All the resorts are self-contained so they have at least one restaurant, which generally serve the type of cuisine expected by their guests. ( i.e. modern European or generic Asian). Breakfast is almost always included, and most resorts offer the option of half-board, which means you get a dinner buffet, and full board, which means you get a lunch and dinner buffet. These can limit the damage compared to ordering a la carte, but your options are typically very limited and drinks are often not covered, not necessarily even water. If you're planning on drinking a lot, it may be worthwhile to go all inclusive, but even this typically restricts you to house drinks.
The only other place to find food is Male. This comes in two forms. Either small restaurants aimed at the tourists (of which there are a couple of nice Thai restaurants), which are often expensive, or small cafes called hotaa, selling local Maldivian food at prices as low as MVR20 for a complete meal.
Maldivian food revolves largely around fish (mas), in particular tuna (kandu mas), and draws heavily from the Sri Lankan and south Indian tradition, especially Kerala. Dishes are often hot, spicy and flavoured with coconut, but use very few vegetables. A traditional meal consists of rice, a clear fish broth called garudhiya and side dishes of lime, chili and onions. Curries known as riha are also popular and the rice is often supplemented with roshi, unleavened bread akin to Indian roti, and papadhu, the Maldivian version of crispy Indian poppadums. Some other common dishes include:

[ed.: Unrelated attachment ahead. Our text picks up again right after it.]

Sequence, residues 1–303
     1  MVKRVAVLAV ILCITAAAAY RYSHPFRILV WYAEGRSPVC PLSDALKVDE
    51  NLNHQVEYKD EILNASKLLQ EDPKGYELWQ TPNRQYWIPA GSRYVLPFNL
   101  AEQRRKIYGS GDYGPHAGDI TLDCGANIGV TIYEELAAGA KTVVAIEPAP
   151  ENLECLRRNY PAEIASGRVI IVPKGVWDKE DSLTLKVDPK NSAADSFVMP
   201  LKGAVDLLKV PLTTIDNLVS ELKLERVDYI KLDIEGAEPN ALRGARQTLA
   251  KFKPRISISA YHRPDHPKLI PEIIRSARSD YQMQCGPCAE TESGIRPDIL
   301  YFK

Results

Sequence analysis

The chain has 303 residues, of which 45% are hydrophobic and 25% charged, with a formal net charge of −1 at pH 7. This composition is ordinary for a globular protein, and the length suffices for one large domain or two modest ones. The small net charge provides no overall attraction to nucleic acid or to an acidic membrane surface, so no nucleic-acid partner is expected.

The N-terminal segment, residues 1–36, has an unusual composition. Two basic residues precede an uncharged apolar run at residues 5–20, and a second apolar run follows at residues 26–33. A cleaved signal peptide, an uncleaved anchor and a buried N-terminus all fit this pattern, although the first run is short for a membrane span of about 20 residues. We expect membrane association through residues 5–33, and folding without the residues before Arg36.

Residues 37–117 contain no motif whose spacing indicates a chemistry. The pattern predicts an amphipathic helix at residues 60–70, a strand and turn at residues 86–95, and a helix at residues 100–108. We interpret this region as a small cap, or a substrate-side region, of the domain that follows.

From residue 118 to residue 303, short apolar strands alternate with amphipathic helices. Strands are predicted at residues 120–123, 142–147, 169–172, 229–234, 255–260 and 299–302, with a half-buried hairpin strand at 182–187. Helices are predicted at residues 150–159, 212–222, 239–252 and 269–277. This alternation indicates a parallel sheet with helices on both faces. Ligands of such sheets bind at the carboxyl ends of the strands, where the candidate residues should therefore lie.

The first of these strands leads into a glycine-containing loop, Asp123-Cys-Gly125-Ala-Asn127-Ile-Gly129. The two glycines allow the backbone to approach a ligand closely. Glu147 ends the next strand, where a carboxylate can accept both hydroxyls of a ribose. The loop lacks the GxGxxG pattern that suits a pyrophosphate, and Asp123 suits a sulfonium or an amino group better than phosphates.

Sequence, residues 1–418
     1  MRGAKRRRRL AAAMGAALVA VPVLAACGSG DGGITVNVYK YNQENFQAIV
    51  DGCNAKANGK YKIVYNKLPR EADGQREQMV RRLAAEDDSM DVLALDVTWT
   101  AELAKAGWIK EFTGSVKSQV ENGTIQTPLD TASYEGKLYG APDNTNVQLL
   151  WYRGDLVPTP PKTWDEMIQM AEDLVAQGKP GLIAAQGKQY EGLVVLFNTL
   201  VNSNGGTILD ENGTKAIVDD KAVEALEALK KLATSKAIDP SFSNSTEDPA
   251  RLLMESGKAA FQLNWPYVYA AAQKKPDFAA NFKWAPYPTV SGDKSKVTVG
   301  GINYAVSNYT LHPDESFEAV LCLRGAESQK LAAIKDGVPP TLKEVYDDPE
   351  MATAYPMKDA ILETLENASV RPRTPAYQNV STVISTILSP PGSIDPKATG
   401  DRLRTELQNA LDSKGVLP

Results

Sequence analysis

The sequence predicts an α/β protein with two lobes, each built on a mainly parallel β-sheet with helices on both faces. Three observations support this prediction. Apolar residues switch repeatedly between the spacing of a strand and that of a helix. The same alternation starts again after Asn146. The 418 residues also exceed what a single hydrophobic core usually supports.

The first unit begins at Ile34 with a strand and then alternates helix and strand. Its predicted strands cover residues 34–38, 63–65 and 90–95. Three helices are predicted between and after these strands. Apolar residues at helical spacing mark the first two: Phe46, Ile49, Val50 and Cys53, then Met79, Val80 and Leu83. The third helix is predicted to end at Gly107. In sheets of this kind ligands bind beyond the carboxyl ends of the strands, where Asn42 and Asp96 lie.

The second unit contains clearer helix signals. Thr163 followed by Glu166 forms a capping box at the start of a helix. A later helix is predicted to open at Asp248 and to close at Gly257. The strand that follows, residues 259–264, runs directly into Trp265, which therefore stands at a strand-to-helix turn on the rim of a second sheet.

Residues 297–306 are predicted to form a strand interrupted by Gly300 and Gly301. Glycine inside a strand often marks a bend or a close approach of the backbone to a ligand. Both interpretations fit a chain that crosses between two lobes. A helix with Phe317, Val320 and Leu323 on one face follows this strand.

- mas huni — shredded smoked fish with grated coconuts and onions, the most common Maldivian breakfast
- fihunu mas — barbequed fish basted with chili
- bambukeylu hiti — breadfruit curry
Snacks called hedhikaa, almost invariably fish-based and deep-fried, can be found in any Maldivian restaurant.
- bajiya — pastry stuffed with fish, coconut and onions
- gulha — pastry balls stuffed with smoked fish
- keemia — deep-fried fish rolls
- kulhi borkibaa — spicy fish cake
- masroshi — mas huni wrapped in roshi bread and baked
- theluli mas — fried fish with chili and garlic
As the Maldives are Muslim, alcohol is banned for the local population. However, nearly all resorts, live-aboard boats and the Hulhule Island Hotel (on the same island as the airport) are licensed to serve it, usually with a steep markup. Expatriate residents have an allowance that they can use in Malé.
Maldivians generally do not drink alcohol although this is less true of the younger generation. They are, however, unhappy about being filmed or photographed while drinking.
Tap water in resorts may or may not be drinkable -- check with management. Bottled water is extortionately priced, with US$5/bottle being typical.